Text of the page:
The whistleblower system is a good idea. But Internal Audit Reviews done through International Standards for the Professional Practice of Internal Auditing by an Independent EA Internal Audit Team is still the best solution in ensuring the quality of EA procedures across all EA organizations.  

4Nathan Young16d
If you want I'd like to see what you think the most important points of that doc are.

Hi Nathan,

 

To point out what key features that EA may take seriously if setting up an Internal Audit Team  is in its future plans based on standards

  •   The internal audit activity must be independent, and internal auditors must be objective in performing their work.  (Performance Standards)
  • The chief audit executive must report to a level within the organization that allows the internal audit activity to fulfill its responsibilities. The chief audit executive must confirm to the board, at least annually, the organizational independence of the internal audit activity. (Performance Standards)
  • The chief audit executive must effectively manage the internal audit activity to ensure it adds value to the organization. (Attribute Standards)
  • The internal audit activity must evaluate the effectiveness and contribute to the improvement of risk management processes. (Attribute Standards)

There are many more standards that acts as safeguards to how an internal audit activity be done objectively and prevents large scale errors or frauds to happen.

These SOP in Internal Audit are proven methods ran by almost all large corporations and banks all over the world. 

 

All the best,

Miguel

2esc12a15d
I know very little about these things, but yeah I would think if serious money is involved, it may be good to have someone with experience at one of the Big 4 accounting firms (or similar) have a position in these orgs.

Make it clearer that EA is not just classical utilitarianism and that EA abides by moral rules like not breaking the law, not lying and not carrying out violence.

(Especially with short AI timelines and the close to infinite EV of x-risk mitigation, classical utilitarianism will sometimes endorse breaking some moral rules, but EA shouldn’t!)

You keep saying that classical utilitarianism combined with short timelines condones crime, but I don't think this is the case at all.

The standard utilitarian argument for adhering to various commonsense moral norms, such as norms against lying, stealing and killing, is that violating these norms would have disastrous consequences (much worse than you naively think), damaging your reputation and, in turn, your future ability to do good in the world. A moral perspective, such as the total view, for which the value at stake is much higher than previously believed, doesn't increase the utilitarian incentives for breaking such moral norms. Although the goodness you can realize by violating these norms is now much greater, the reputational costs are correspondingly large. As Hubinger reminds us in a recent post, "credibly pre-committing to follow certain principles—such as never engaging in fraud—is extremely advantageous, as it makes clear to other agents that you are a trustworthy actor who can be relied upon."  Thinking that you have a license to disregard these principles because the long-term future has astronomical value fails to appreciate that endangering your perceived trustworthiness will seriously compromise your ability to protect that valuable future.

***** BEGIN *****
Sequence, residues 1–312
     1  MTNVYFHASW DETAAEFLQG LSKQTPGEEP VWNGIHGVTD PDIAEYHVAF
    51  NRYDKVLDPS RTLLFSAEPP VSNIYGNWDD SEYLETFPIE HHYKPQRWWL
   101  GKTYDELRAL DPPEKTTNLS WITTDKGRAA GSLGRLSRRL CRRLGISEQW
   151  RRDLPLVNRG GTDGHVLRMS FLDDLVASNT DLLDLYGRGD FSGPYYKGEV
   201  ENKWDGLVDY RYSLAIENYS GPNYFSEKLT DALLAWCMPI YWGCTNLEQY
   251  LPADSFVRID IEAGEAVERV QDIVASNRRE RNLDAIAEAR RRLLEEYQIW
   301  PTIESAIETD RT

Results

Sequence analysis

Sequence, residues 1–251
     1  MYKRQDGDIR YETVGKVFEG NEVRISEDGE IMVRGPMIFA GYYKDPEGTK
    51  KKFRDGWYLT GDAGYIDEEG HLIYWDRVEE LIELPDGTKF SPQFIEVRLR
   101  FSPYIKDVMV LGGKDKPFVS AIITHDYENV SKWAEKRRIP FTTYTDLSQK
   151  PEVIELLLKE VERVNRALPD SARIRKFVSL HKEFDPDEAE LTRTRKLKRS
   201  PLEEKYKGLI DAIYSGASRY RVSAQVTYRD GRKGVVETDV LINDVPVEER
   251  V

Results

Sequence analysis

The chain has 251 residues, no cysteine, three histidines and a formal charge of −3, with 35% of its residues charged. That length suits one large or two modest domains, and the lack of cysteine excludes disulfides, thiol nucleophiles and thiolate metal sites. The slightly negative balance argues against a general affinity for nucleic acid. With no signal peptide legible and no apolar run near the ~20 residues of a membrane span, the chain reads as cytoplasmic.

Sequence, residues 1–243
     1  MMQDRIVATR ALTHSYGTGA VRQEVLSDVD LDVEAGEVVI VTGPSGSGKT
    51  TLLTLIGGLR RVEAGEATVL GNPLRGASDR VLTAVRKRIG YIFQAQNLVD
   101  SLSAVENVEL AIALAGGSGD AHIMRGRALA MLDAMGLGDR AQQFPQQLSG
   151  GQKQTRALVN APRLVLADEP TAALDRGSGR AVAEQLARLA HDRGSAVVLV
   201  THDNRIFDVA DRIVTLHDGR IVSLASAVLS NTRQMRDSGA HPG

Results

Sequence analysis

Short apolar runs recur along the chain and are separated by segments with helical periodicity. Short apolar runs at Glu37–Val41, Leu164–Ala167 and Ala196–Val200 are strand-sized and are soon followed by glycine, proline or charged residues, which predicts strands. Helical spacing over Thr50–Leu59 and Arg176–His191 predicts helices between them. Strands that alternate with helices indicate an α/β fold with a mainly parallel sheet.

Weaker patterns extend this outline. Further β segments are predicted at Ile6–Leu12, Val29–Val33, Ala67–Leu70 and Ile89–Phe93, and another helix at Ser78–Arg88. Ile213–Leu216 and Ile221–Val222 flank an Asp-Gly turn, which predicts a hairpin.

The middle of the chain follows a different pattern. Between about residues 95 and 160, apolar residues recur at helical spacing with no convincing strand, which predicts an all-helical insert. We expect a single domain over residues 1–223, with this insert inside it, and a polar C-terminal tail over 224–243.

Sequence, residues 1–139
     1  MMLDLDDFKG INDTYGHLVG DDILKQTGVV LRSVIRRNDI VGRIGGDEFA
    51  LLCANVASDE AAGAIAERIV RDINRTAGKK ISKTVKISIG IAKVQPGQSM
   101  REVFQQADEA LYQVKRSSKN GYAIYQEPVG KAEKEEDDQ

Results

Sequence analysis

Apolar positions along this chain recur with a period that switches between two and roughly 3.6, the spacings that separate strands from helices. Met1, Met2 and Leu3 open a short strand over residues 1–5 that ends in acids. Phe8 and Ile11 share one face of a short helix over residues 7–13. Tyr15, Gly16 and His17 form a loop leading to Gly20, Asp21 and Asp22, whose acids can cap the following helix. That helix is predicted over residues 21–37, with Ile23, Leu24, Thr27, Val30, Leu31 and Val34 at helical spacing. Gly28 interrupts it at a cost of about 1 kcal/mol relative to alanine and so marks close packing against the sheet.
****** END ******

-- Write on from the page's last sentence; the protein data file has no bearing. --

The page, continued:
3freedomandutility15d
But the short timelines mean the chances of getting caught are a lot smaller because the world might end in 20-30 years. As we get closer to AGI, the chances of getting caught will be smaller still.
2freedomandutility15d
FWIW obviously people with the same utilitarian views will disagree on what is positive EV / a good action under the same set of premises / beliefs. But even then, I think the chances you condone fraud to fund AI safety is very high under the combo of pure / extreme classical total utilitarianism + longtermism + short AI timelines, even if some people who share these beliefs might not condone fraud.

EA is not just classical utilitarianism

I agree.

classical utilitarianism will sometimes endorse breaking some moral rules

Classical utilitarianism endorses maximising total wellbeing. Whether this involves breaking "moral rules" or not is, in my view, an empirical question. For the vast majority of cases, not breaking "moral rules" leads to more total wellbeing than breaking them, but we should be open to the contrary. There are many examples of people breaking "moral rules" in some sense (e.g. lying) which are widely recognised as good deeds (widespread fraud is obviously not one such example).